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A Taste of True Blood: The Fangbanger's Guide

3.77  ·  Rating details ·  151 Ratings  ·  18 Reviews
True Blood, Alan Ball’s critically acclaimed television adaptation of Charlaine Harris’ bestselling Southern Vampire mysteries, is HBO’s most-watched show since The Sopranos, averaging over 12 million viewers an episode in its second season. Thanks to its large, dedicated fanbase, it won the People’s Choice “Favorite TV Obsession” award in early 2010.

A Taste of True Blood:
Paperback, 224 pages
Published June 29th 2010 by Smart Pop
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Aug 09, 2010 rated it it was amazing
In A Taste of True Blood’s introduction, the book’s editor, Leah Wilson, writes: “’s our goal to be a book that has something for all True Blood fans, no matter why they watch...[to:] give you a taste of what others see when they watch the show—and give you a few new reasons to watch, too.” After marathon reading my copy, I think I can safely say mission accomplished.

I started watching the show because, well, hunky men are great, and, more importantly, because I liked Anna Paquin’s feisty p
Jul 24, 2014 rated it liked it
Shelves: netgalley-arc
A fine bundle of 18 essays with some of them being very interesting, inspired, well written and even witty. Contemplating various themes such as religion, sex, bigotry and of course death, all followed by a normal episode guide of the first two seasons.

1) An analysis of the opening credits.
2) Bill Compton's fall from Grace as a badass vampire character.
3) Merlotte's significance to the show.
4) South and its culture as an ideal location for the series.
5) An examination about the blue-collar popul
Nov 29, 2010 rated it it was amazing
I'm a True Blood fanatic and this is a must have for any fan. I enjoyed reading A Taste of True Blood because it got to the heart and soul of the show. It made me want to watch the seasons again because all of the things I learned, so I'll probably do that soon. This would be the perfect gift for your die-hard True Blood pals.
May 19, 2011 rated it really liked it
I wish I could write an essay-length review on each of the essays in this book, but that would just be going overboard, and would probably bore you all to death. Instead, I’ll just keep this review short and sweet (which would seem to be a first for me…) and post a small summary on some of the essays that I found to be worth mentioning.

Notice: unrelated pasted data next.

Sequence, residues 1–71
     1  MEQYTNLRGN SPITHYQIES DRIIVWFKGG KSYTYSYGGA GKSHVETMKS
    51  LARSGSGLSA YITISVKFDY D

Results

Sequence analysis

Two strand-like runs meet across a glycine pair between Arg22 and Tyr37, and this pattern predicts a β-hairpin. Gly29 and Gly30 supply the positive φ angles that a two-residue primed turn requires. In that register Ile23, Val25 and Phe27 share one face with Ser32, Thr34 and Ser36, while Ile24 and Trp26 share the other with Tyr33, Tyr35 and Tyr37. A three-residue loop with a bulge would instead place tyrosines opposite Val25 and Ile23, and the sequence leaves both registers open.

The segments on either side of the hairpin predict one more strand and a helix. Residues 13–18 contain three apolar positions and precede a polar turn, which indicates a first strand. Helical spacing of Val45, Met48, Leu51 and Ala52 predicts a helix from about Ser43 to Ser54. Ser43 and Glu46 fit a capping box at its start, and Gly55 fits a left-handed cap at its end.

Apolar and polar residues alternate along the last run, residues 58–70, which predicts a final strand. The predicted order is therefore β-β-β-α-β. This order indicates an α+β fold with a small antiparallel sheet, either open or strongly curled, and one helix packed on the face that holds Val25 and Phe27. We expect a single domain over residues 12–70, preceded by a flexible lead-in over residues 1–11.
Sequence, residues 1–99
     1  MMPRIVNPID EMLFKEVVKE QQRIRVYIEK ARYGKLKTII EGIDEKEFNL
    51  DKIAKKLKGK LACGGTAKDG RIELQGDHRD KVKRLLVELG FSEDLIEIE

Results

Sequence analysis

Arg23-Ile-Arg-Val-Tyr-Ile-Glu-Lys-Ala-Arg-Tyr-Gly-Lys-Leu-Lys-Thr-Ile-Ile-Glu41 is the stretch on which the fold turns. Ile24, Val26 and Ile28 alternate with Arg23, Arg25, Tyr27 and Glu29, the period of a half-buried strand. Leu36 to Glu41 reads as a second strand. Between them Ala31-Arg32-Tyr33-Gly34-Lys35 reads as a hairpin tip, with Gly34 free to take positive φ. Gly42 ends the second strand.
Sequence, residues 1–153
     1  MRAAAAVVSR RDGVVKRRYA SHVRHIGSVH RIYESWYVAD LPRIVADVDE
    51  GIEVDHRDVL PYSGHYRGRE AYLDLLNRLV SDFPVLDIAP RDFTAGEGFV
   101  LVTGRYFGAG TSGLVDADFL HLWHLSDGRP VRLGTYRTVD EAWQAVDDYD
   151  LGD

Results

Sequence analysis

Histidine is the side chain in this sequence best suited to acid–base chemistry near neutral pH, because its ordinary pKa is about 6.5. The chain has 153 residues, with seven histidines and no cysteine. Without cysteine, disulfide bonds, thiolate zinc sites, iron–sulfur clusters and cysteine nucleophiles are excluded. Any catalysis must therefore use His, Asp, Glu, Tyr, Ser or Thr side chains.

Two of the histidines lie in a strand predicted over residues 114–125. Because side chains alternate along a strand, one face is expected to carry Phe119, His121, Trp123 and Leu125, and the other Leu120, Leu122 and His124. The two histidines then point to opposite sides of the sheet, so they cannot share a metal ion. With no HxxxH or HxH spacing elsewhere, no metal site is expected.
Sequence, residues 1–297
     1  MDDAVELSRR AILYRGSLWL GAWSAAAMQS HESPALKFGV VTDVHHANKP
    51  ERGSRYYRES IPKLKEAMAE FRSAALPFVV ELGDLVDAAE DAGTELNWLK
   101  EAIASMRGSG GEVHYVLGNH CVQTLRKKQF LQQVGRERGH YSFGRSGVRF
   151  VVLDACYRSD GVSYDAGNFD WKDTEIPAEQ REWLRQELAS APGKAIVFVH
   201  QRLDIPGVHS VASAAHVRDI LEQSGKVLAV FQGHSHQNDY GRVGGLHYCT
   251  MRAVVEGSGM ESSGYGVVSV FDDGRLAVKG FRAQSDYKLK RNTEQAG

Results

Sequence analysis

Now, before I start, I just have to add that I’m a massive fan of the show, True Blood. And I’m a fan of the book series (I’ve only read the first two, though. Wh
Jan 27, 2011 rated it it was ok
Shelves: non-fiction, vampires
Has some interesting essays. Enjoyed the first essay most, an analysis of the opening credits (brilliant and creepy) and the theme song. Skimmed the rest.
Jan 17, 2013 rated it really liked it
I love Smart Pop books with all my heart. They always publish books like these about my favorite shows, and I always devour them. If you are not a fan of True Blood, then this book is not for you. If you are a fan of True Blood then you need to read this book. A Taste of True Blood for me was like having all those much needed conversations that I dream I have with my friends about the show (only not cause my friends don't watch it).

This is the kind of book you really have to be in the mood to r
Ashley Logan
Dec 24, 2010 rated it really liked it
This was a pleasant Christmas surprise by my husband. I didn't even know this book existed. It was quite a feat for him to find books I didn't know that were out. This is a collection of essays on what True Blood might stand for and its meaning underneath it all. All in all the essays were very good and made you think about things you might not have noticed about the True Blood series. There were a couple that were out there such as Peter B. Lloyd's Communion of Blood in which he states that may ...more
Robin Conley
Nov 11, 2013 rated it it was ok